Rice farmers haven’t been enjoying the higher prices that producers of other commodities have, which means they may feel the sting of rising input costs more than other growers when they begin planting this spring.
Trying to cut costs by eliminating one or two pre-emergence herbicides, on the other hand, may not produce the savings they expect, according to Dr. Tommy Butts, Extension weed scientist with the University of Arkansas System Division of Agriculture.
Butts gave an example of how two pre-emergence or residual herbicides can be better than one, as University of Arkansas Extension weed scientists like to say, in a presentation filmed at the University’s Rohwer Research Station at Rohwer, Ark. The recording was part of the 2021 Arkansas Rice and Soybean Online Field Day.
“The first plot I would like to show you has an application of Command alone,” he noted. (In the trial, researchers were strictly looking at pre-emergence herbicides and the length of control they provide. No postemergence herbicides were applied in the plots.) “Those pre-emergence herbicides went out six or seven weeks ago so it has been quite a bit of time.
“On this heavy clay soil we used 1 quart of Command per acre, and we did get halfway decent grass control, especially compared to our nontreated plot. But we still have a lot of grass escapes, and Command is not good for broadleaf weed control.”
Butts said hemp sesbania or coffee bean had broken through “so we didn't get that diverse weed spectrum. And using only one mode of action plays into hastening the evolution of herbicide resistance. Command is a staple herbicide in our rice, and we want to prevent the development of resistance to Command in our barnyardgrass populations.”
The next plot Butts discussed received an application of Command and Facet or Quinclorac herbicide at 43 ounces per acre pre-emergence to provide two effective modes of action.
“By adding Facet into that mix we can increase the diversity of the weed spectrum we get,’ he said. “You'll notice it helped control a lot of our coffee bean. It will also give us a little flatsedge control and take out a few other weeds as well.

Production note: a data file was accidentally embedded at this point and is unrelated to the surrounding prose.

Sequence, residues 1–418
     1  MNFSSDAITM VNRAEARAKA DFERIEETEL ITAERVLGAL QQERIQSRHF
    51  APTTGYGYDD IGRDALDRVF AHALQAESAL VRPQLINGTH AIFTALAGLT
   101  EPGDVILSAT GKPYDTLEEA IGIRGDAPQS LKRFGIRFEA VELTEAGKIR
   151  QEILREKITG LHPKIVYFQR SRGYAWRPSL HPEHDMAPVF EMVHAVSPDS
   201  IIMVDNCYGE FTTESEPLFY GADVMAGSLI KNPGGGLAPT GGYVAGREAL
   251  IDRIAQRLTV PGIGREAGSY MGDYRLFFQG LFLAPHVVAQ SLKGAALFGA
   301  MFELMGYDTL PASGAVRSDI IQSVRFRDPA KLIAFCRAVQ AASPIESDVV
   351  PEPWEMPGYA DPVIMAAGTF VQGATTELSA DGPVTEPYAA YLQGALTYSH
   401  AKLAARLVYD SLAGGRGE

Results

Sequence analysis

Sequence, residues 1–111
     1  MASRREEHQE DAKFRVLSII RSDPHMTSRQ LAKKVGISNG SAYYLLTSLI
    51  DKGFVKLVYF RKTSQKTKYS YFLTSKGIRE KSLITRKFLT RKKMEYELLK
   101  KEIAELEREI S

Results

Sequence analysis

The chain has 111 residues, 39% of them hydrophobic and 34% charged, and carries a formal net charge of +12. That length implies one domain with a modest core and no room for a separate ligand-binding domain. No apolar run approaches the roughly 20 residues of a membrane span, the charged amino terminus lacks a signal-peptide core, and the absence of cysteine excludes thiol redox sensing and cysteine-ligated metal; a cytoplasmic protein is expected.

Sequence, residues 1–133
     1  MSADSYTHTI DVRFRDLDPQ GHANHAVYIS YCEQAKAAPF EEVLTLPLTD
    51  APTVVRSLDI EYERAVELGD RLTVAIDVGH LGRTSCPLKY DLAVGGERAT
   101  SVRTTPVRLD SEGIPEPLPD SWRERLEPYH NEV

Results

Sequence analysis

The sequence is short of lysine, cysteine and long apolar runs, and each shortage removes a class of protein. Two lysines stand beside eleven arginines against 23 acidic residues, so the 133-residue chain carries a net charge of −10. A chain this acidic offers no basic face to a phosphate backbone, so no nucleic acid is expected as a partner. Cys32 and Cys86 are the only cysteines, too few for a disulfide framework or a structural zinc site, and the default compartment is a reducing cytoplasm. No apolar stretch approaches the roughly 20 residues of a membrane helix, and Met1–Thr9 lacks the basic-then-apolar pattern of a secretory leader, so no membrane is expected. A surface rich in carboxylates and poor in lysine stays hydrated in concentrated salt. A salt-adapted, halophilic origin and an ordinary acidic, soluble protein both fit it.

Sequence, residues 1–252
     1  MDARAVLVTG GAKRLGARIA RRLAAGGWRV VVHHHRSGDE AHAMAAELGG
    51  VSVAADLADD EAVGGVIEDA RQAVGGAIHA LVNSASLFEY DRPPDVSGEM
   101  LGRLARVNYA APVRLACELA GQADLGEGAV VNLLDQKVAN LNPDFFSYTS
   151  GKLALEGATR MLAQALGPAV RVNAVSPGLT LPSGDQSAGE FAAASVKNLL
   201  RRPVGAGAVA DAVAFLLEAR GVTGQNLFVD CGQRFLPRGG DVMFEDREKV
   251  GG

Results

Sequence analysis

“This is one of my primary recommendations for our first residuals in rice. We see that Facet consistently works better as a residual, especially when pairing it with Command. I would rather get as much activity with it upfront as we can rather than saving it for postemergence where we often seen mixed results for controlling barnyardgrass.”
Another set of plots received Command and Prowl applied as a delayed pre-emergence application. Command was applied at 1 quart per acre and Prowl at 2.1 pints per acre after the seed had imbibed water.
“Again, you’ll notice good grass control from two effective modes of action, and Prowl brings a little bit of broadleaf activity to the table as well,” he said. “It’s not excellent by any means, but it did help us on some of those broadleafs.”
Butts also discussed plots that received Command plus Gambit and Command and Sharpen. Gambit was applied at 2 ounces per acre and Sharpen at 3 ounces per acre.
“The grass control is almost equal in these plots because pretty much all the work is coming from the Command on the grass control front,” he noted. “Gambit does a very good job on the coffee bean and is also good for yellow nutsedge and several other broadleafs.
“Sharpen is good on a broad spectrum of broadleafs. It will give us some rice flatsedge control but minimal yellow nutsedge control. So with Sharpen we can get rice flatsedge and with Gambit yellow nutsedge, and we can get broadleafs with both.”
Butts said he typically leans toward Sharpen in the first application, although Gambit may appear to provide better broadleaf weed control.
“That’s because if I use two ounces of Gambit pre-emergence I’ve used my season limit for the halosulfuron active ingredient, and I can no longer apply Permit or Gambit later in the season for yellow nutsedge escapes.”
For more on rice weed control, visit https://aaes.uada.edu/videos/2021-rice-weed-control/.
About the Author(s)
Forrest Laws, senior director of content for Farm Press, spent 10 years with The Memphis Press-Scimitar before joining Delta Farm Press in 1980. He has written extensively on farm production practices, crop marketing, farm legislation, environmental regulations and alternative energy. He now oversees the content creation for Delta, Southeast, Southwest and Western Farm Press. He resides in Memphis, Tenn. He served as a missile launch officer in the U.S. Air Force before resuming his career in journalism with The Press-Scimitar.
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